Student and Advisor

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Student and Advisor

Seeing Sigma Pi Sigma from both sides


Erin E. Flater, Associate Professor of Physics, Luther College, Decorah, IA

Erin E. Flater. Photo courtesy of Luther College.I was inducted into Luther College’s Sigma Pi Sigma chapter as a sophomore in April 1999. At the time I knew very little about the organization, but I knew it was an honor to be inducted. The ceremony was a joint awards ceremony for the physics, math, and computer science departments, and I clearly remember my professors and fellow students dressed up in suits-and-ties, which was very different from their normal attire.

Little did I know that a decade later I would be Luther College’s advisor to Sigma Pi Sigma and SPS, working to promote community among the physics students, encourage SPS chapter members to delve into physics a bit more deeply outside of their classes, and mentor SPS chapter officers. Nowadays, we are much less formal about our Sigma Pi Sigma inductions, and the ceremony is no longer held jointly with other departments. Instead, we often hold our induction ceremonies at an SPS picnic, so the atmosphere is much more lighthearted than at the suit-and-tie ceremony in which I was inducted.

Our SPS has gone on road trips to local universities and to Fermi National Accelerator Laboratory. We watch episodes of The Big Bang Theory together and answer student-posed questions submitted to our “Ask a Physics Major” box. We design yearly physics-themed t-shirts and put on the annual “Haunted Physics Lab” for community members and their kids.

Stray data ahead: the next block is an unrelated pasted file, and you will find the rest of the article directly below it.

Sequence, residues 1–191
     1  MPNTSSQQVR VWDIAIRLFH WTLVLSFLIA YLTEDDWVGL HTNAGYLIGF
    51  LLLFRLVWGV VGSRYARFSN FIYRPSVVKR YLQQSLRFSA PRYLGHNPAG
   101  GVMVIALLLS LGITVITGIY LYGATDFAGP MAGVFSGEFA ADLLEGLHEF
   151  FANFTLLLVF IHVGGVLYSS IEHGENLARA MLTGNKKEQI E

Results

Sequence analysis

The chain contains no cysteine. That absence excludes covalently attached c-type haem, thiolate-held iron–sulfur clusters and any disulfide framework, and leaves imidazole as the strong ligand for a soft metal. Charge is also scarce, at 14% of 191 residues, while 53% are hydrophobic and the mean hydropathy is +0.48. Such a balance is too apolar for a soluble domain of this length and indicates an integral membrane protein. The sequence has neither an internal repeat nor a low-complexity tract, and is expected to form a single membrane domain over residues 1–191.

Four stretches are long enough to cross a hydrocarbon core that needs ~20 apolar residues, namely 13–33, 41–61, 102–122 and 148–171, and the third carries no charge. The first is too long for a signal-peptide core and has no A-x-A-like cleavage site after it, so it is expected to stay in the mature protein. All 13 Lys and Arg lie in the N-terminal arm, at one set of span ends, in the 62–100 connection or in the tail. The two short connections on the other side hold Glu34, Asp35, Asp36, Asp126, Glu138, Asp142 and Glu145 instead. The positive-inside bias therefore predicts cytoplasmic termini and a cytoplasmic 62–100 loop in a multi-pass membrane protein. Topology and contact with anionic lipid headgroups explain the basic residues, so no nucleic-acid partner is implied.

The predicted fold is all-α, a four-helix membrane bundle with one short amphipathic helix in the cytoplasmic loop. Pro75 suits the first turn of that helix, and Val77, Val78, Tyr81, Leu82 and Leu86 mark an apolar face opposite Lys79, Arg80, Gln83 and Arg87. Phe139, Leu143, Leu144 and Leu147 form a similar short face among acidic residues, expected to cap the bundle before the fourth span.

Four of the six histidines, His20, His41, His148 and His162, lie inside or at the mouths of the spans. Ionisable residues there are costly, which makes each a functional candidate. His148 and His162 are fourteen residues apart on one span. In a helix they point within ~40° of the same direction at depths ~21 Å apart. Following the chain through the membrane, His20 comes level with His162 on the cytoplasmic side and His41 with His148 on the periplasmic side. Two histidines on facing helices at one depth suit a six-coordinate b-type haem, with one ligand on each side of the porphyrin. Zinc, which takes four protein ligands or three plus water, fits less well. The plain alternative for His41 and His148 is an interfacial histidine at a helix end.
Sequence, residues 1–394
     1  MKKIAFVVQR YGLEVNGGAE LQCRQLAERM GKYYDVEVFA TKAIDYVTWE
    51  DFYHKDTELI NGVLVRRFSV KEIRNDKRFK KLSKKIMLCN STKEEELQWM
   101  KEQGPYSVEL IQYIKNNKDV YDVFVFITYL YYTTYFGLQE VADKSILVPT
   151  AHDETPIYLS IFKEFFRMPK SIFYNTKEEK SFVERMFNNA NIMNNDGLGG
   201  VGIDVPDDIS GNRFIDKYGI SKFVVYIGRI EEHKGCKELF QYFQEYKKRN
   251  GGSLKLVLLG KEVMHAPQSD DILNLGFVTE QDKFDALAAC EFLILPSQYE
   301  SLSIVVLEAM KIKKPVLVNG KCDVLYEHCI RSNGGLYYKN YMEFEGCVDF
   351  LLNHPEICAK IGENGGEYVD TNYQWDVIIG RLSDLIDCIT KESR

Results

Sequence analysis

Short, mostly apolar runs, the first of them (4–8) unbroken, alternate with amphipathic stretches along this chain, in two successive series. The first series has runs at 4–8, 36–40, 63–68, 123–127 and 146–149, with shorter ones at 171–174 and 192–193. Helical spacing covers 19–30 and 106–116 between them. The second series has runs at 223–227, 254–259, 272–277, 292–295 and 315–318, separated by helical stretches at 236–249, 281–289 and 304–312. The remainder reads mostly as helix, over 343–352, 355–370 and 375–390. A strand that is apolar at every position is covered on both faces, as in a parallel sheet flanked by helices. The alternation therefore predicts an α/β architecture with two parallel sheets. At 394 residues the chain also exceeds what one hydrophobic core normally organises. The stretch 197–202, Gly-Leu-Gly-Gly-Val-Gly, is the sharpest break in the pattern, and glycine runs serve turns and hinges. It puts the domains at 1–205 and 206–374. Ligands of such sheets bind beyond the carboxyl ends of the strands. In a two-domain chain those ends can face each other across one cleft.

Our longest-running event has been our semiannual SPS Picnic, where physics faculty, staff, and students gather at a local park to grill and play games. It’s a fun event for students to geek out and spend time together.

Community building is my favorite aspect of SPS and the Luther College Physics Department as a whole, a small department currently with five faculty members and 3–12 majors graduating each year. The department and SPS sponsor a number of events, including the semiannual SPS Picnic and the weekly Physics Tea. I love that these times allow students and faculty to just hang out together, eat donuts, drink coffee, and talk about anything from recent physics news to the latest viral video.

In our department the physics faculty members take turns as SPS and Sigma Pi Sigma advisor, and I’ve been happy to serve for the past 5 years. I am very proud of my students, and I hope that they feel it is a privilege to be a part of SPS and Sigma Pi Sigma, just like I did when I was a student.

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